HIV / AIDS STD Test
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Acquired immune deficiency syndrome, or AIDS, is caused by the human immunodeficiency virus, HIV. Unprotected sex with someone who is HIV positive or sharing a needle are the most common ways people get the virus, and testing is the only definitive proof for diagnosis. The CDC recommends all adults should be screened at least once per year. MedPro Connect is here to help.
Lab Test: Blood Test
Treatment: Medication / Inhibitors
HIV / AIDS Facts
- HIV is a virus that attacks the immune system - the body's natural defense system.
- Without a strong immune system, the body has trouble fighting off disease.
- Both the virus and the infection it causes are called HIV.
- The last stage of HIV infection is AIDS (acquired immunodeficiency syndrome).
- Over 1 million people are living with HIV in the United States (US).
- One in five (21%) of those people living with HIV is unaware of their infection
- The virus can be in an infected person's blood, semen, or vaginal secretions and can enter your body through tiny cuts or sores in your skin, or in the lining of your vagina, penis, rectum, or mouth.
- HIV may not cause symptoms early on. People who do have symptoms may mistake them for the flu or mono.
- The Center for Disease Control (CDC) recommends that everyone know their HIV status. How often you should get an HIV test depends on your circumstances. CDC recommends being tested at least once a year if you do things that can transmit HIV infection
- You might have HIV and still feel perfectly healthy. The only way to know for sure if you are infected or not is to be tested.
Description: HIV (human immunodeficiency virus) is a virus that attacks the immune system, the body's natural defense system. Without a strong immune system, the body has trouble fighting off disease. Both the virus and the infection it causes are called HIV.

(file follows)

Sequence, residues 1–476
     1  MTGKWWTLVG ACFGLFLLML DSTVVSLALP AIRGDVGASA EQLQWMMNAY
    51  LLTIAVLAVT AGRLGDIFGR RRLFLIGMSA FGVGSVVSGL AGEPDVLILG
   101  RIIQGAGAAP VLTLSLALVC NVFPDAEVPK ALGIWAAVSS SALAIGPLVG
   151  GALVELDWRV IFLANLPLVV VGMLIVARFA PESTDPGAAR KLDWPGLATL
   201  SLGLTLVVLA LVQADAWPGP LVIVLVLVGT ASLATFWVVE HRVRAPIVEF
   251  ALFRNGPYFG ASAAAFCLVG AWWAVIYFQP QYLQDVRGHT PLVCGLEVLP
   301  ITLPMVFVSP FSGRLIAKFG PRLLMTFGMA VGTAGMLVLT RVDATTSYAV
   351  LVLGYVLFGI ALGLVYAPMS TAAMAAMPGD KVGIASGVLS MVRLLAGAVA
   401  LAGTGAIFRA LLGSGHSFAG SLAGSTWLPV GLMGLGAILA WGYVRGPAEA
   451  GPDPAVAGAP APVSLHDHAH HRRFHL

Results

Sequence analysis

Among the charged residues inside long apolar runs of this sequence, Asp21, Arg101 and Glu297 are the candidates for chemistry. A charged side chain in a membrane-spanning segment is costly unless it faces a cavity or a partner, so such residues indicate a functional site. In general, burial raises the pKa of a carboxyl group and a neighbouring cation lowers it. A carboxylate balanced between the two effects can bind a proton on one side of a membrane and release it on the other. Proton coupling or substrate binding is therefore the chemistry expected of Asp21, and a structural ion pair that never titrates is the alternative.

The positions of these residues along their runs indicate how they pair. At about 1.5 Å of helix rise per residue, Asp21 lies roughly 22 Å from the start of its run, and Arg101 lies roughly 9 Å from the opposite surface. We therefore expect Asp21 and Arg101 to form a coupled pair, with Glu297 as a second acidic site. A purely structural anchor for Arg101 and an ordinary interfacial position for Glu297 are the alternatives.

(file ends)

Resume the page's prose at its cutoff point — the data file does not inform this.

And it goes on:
White blood cells are an important part of the immune system. HIV invades and destroys certain white blood cells called CD4+ cells. If too many CD4+ cells are destroyed, the body can no longer defend itself against infection. The last stage of HIV infection is AIDS (acquired immunodeficiency syndrome).
But having HIV does not mean you have AIDS. HIV causes AIDS. Someone who has HIV (a virus) may not have AIDS (an illness). HIV weakens the body's immune system, leaving it open to various infections and cancers. Even without treatment, it takes a long time for HIV to progress to AIDS -- usually 10 to 12 years. If HIV is diagnosed before it becomes AIDS, medicines can slow or stop the damage to the immune system. With treatment, many people with HIV are able to live long and active lives.
Stats: Over 1 million people are living with HIV in the United States (US).
One in five (21%) of those people living with HIV is unaware of their infection
Women account for 27% of annual new HIV infections
Exposure: Although you can get HIV from a single contact, the more frequently a person has contact with fluids containing the virus, the higher the chances of infection. Risk activities include:
- Someone who has HIV may not have any symptoms, but they carry the virus and could pass it on through blood or body fluids (e.g. unprotected sexual intercourse).
- Unprotected (without a condom) anal sex. Men who have sex with men are presently at the greatest risk of HIV infection.
- Unprotected vaginal or anal sex between men and women.
- Unprotected oral sex with someone who has HIV, however this is much less common; o
- Sharing needles, syringes and other injecting equipment during injecting drug use. The virus spreads very easily through shared needles, and even casual or one-time users may get HIV. It makes no difference which drug is being injected.
- From a mother who has HIV to a child during pregnancy, birth, or via breastfeeding; by exposure to HIV positive blood, e.g., through a needle stick or sharps injury in a health care setting.
Incubation: 2-3 Weeks (Using PCR Test - Polymerase Chain Reaction)
HIV / AIDS Symptoms
HIV may not cause symptoms early on. People who do have symptoms may mistake them for the flu or mono. Symptoms may appear from a few days to several weeks after a person is first infected. The early symptoms usually go away within 2 to 3 weeks.
Common symptoms include:
- Flu-like symptoms
- Extreme and constant tiredness
- Fevers, chills and night sweats
- Rapid weight loss for no known reason
- Swollen lymph glands in the neck, underarm or groin area
- White spots or unusual marks in the mouth
- Skin marks or bumps (raised or flat, usually painless and purplish)
- Continuous coughing or a dry cough
- Decreased appetite